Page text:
If it's just a thin layer direct onto soil then I'd agree, just dig it in.
If there's a membrane, you can get hold of a corner of the membrane and slowly pull it up, dragging the chippings as you go. You'll reach a point where it's too heavy to lift any more by when they'll be deep enough to shovel into something - bucket, wheelbarrow - and move them to a heap in a corner. Then cut off the membrane that's now clear and start planting whatever you had in mind in the clear section. Then pick up another bit of membrane and do the next section. If you do it over a long period of time, planting behind as you go, it'll help you to focus your planting on a smallish section at a time - which is no bad thing - knowing the bits you've not got round to yet won't be getting weedy and overgrown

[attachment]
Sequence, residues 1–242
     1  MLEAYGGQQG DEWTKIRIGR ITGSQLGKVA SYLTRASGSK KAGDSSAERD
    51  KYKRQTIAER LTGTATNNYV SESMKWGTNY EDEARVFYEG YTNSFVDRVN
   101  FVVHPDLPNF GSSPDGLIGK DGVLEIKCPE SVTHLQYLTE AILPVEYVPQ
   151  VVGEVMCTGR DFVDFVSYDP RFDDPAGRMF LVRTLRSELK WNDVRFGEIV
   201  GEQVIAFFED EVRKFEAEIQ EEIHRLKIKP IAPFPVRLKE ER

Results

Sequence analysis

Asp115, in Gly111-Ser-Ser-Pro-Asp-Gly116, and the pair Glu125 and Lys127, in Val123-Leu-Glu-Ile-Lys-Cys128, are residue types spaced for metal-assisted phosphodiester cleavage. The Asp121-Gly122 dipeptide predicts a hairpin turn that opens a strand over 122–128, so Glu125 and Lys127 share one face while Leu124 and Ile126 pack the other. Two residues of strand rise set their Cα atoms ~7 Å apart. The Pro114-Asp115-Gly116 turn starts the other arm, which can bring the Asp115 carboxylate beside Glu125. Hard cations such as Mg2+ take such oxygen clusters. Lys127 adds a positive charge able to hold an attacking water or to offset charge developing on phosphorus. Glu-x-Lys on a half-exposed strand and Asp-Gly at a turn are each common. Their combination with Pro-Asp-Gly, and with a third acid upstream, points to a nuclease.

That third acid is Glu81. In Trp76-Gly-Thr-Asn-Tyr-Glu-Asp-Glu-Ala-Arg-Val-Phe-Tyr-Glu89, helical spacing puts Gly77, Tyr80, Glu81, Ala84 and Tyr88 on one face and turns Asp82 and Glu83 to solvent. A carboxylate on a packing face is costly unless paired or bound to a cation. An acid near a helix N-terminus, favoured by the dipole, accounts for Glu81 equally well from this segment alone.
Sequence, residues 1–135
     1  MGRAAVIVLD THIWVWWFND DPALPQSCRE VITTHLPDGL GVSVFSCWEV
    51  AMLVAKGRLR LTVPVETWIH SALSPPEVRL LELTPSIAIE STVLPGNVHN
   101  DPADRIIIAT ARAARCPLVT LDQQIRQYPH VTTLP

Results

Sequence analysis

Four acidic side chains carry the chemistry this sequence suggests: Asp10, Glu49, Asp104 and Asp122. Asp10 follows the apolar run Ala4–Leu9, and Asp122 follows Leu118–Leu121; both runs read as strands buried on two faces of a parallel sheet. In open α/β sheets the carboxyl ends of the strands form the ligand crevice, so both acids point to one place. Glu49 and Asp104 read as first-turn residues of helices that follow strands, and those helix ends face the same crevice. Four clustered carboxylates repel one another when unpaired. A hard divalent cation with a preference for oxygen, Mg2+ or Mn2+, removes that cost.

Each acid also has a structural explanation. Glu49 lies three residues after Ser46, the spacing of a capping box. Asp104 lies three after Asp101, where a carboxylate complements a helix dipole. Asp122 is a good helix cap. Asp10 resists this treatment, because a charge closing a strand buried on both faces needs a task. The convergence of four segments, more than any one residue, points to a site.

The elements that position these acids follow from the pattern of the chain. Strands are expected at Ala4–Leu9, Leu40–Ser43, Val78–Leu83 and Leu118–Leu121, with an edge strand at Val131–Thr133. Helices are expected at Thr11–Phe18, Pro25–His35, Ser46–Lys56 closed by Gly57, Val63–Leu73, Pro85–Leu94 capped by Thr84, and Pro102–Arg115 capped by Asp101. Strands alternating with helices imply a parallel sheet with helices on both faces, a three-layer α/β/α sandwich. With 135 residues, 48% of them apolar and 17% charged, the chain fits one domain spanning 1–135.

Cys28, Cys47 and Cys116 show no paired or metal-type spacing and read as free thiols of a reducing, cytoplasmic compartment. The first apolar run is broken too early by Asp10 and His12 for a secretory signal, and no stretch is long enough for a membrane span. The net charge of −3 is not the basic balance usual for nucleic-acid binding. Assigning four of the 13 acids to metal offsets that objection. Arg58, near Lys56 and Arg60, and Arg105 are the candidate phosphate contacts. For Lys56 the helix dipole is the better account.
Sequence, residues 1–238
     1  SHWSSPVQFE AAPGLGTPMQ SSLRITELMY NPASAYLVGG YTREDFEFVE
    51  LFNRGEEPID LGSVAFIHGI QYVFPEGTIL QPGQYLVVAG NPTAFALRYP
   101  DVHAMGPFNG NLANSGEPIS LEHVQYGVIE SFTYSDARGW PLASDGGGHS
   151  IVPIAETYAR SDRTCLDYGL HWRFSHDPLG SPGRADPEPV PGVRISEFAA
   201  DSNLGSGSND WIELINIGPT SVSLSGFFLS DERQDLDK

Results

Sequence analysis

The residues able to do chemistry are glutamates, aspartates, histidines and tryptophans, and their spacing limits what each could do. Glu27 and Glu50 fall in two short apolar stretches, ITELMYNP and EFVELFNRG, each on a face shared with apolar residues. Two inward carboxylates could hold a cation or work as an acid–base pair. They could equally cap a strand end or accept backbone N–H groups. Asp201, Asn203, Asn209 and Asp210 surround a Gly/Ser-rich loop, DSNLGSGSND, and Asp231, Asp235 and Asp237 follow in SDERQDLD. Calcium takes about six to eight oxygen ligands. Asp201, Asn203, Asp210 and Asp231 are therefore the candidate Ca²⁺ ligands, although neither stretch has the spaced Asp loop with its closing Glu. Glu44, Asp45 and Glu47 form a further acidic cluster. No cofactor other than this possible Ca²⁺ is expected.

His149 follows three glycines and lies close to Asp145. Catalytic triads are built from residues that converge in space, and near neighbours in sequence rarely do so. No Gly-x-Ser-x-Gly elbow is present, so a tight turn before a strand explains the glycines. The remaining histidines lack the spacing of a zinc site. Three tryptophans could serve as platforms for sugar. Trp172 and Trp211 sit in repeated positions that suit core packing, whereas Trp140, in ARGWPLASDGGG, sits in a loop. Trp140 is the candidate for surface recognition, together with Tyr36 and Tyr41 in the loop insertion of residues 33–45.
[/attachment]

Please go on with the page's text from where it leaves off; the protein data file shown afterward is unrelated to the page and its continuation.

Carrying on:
Use the cleared chippings either for dressing pots, or mulching, or where you want paths, leave the chippings there, possibly adding more if they aren't very deep. Or sell them on gumtree a few bags at a time.
You could form beds or lawns using the soil in the raised bed the same way, a few wheelbarrows at a time.
You will make it all much harder to deal with if you try to do it all at once.
Think of your new garden-to-be (how exciting) as a process not a thing you have to do one weekend. If you have an overall plan, you can gradually bring it into being; you don't have to blitz it.